Richard Prince

  • Ei Arakawa and Karl Holmqvist, pOEtry pArk (with a painting by Silke Otto-Knapp), 2010. Performance view, Regent’s Park, London, October 15, 2010. Léa Tirabasso, Ei Arakawa, and Jenny Moule. Photo: Polly Braden.



    Gutai is often considered the starting point for postwar art in Japan, typically described as a response to American Abstract Expressionism (via Pollock, who first exhibited in Japan in 1951) and as a parallel to French art informel (via Michel Tapié). However, I want to point out two earlier collectives of midcentury Japanese art (pre-Conceptual On Kawara aside): Jikken Kōbō (Experimental Workshop)—an avant-garde art, music, and theater collective that was influenced by the Bauhaus and European Surrealism—and Zero-kai (Zero Society), whose member Kazuo Shiraga had already

  • Richard Prince, Untitled (Publicity) (detail), 1999, four 8 x 10“ publicity photographs and one button, 33 x 41”.

    Richard Prince

    I CAME TO NEW YORK CITY IN 1974. IN NEW YORK CITY IN 1974 Andy Warhol was the fastest gun in town. In 1990 I wrote on a painting, ANDY WARHOL WAS A FUCKING ASSHOLE AND SO WERE ALL HIS FUCKHEAD FRIENDS AND I'M GLAD HE DIED. When I wrote it I was thinking about the movie The Gunfighter, starring Gregory Peck. Later that year I was asked, “Is it Mr. Prince versus Mr. Warhol, or is it Richard loves Andy?” I answered the question the same way the clown did when asked, “I heard you just married a two-headed lady—is she pretty?” He said, “Well, yes and no.”

    The noes: Andy wore a silver wig, and I shave


    When Artforum invited Richard Prince to contribute a writing project in tune with his visual work, the artist looked to his ongoing series of “nurse paintings” and to a recent photo shoot with Kate Moss—and created this dreamscape screenplay that extends his signature reframing of mass-media iconography.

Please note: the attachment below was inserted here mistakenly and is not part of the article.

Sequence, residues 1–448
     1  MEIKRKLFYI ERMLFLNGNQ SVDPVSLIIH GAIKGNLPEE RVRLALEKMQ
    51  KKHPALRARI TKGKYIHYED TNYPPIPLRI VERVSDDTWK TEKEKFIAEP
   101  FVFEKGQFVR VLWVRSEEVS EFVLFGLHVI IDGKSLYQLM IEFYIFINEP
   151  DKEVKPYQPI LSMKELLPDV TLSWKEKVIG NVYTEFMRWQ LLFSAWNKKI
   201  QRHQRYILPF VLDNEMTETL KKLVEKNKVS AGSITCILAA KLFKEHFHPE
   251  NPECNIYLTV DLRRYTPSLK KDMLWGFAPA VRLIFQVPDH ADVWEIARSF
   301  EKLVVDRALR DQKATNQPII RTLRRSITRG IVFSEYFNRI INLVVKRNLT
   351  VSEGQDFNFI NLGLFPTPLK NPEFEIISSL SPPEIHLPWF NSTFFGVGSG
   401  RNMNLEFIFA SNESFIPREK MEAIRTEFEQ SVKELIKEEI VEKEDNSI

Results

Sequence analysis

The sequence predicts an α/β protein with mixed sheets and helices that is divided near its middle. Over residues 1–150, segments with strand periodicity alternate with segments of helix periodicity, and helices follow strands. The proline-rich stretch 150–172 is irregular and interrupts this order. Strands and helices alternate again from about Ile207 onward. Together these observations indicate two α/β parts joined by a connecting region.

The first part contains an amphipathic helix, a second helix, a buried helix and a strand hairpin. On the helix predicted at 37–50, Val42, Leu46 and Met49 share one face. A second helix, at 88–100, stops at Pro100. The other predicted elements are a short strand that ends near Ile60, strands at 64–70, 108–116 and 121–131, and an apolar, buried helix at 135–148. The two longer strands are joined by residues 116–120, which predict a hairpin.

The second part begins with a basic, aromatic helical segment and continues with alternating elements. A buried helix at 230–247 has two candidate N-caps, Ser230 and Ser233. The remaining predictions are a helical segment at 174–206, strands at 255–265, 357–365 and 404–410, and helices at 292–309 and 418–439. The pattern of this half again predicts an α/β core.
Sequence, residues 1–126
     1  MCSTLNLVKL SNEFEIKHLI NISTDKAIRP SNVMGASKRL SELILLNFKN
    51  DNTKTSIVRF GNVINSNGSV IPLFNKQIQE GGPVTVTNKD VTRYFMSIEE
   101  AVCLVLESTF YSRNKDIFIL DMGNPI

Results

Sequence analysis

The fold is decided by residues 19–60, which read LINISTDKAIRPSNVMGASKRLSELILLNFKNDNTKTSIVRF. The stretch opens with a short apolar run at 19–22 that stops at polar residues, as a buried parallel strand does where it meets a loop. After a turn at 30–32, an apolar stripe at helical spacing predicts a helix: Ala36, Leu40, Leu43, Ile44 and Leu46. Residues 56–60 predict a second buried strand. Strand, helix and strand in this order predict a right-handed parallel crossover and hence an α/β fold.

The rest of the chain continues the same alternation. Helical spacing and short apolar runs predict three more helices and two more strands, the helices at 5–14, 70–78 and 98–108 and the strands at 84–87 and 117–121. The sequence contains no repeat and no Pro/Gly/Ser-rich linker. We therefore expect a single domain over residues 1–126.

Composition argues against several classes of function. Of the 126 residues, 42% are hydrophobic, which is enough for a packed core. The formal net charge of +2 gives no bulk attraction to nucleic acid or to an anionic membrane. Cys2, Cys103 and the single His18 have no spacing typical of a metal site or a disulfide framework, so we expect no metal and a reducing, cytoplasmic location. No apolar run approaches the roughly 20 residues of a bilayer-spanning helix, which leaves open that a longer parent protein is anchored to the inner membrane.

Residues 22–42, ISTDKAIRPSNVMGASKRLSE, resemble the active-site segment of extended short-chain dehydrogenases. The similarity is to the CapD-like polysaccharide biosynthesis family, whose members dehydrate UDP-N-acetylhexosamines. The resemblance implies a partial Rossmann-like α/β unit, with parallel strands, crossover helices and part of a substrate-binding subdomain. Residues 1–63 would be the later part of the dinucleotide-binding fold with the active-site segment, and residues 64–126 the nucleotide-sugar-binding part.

Two drunks wandered into a zoo and stopped in front of a lion’s cage. They stood watching the animal for a few minutes and suddenly it let out a roar. “C’mon let’s go,” said one. “Go ahead if you want to,” said the other. “I’m gonna stay for the movie.”

    In my movie there’s a cowboy, a nurse, a

  • Colin de Land

    IT WAS A DARK AND STORMY NIGHT, and I was standing, freezing, outside American Fine Arts, Co., when a shiny new purple pickup truck arrived with its ferocious cargo: The Voluptuous Horror of Karen Black. Naked save for a coat of brightly colored body paint, seven band members leaped from the vehicle and paraded into the packed gallery for their performance. Inside the space, visitors were greeted by a photo in which bandleader Kembra Pfahler was seen prancing on a bed with another naked body—that of Colin de Land, the proprietor of American Fine Arts, painted completely blue and topped with a

  • Vintage videotapes.

    1984: World of Video

    WORLD OF VIDEO OPENED UP on the southeast corner of Twenty-first Street and Second Avenue in New York on November 10, 1984, according to my diary. It was one of the first stores in the city to rent movies, and I think I was its first customer: I lived eleven stories up in the same building in a one-bedroom apartment, house-sitting for a friend who had recently gone to Los Angeles to make videos for a new show called MTV. She had left behind a VCR and a giant TV that had been hooked up to cable and HBO—four things that were still pretty rare at the time. In that Orwellian year, she was my Big


    When I first met Richard Prince, in 1985, he was living in a suburban tract house in Venice, California. He had two noisy muscle cars splotched with patches of primer paint that he prowled around town in, two male roommates I never laid eyes on, and a tiny little room of his own. In the closet in his stark white cell was a wardrobe of black and white clothing carefully selected for maximum anonymity. Next to his bed was a stack of magazines—Parakeet Fancier, Low Rider, and other oddball stuff. There were barbells in the den, baloney in the refrigerator, and a curved sectional sofa hugging a

  • the Traveling Salesman

    THE TRAVELING SALESMAN'S CAR broke down one evening on a lonely road and he asked at only farmhouse in sight, “Can you put me up for the night?”

    “I reckon I can,” said the farmer, “but you’ll have to share a room with my young son.”

    “How about that!” gasped the salesman, “I’m in the wrong joke!”

    SO THEN THE UBIQUITOUS TRAVELING salesman said to the farmer, "Can you put me up for the night?”

    Whereupon the farmer said, “Sure, but you’ll have to sleep with my son.”

    “Good Lord,” said the salesman, “I’m in the wrong joke!”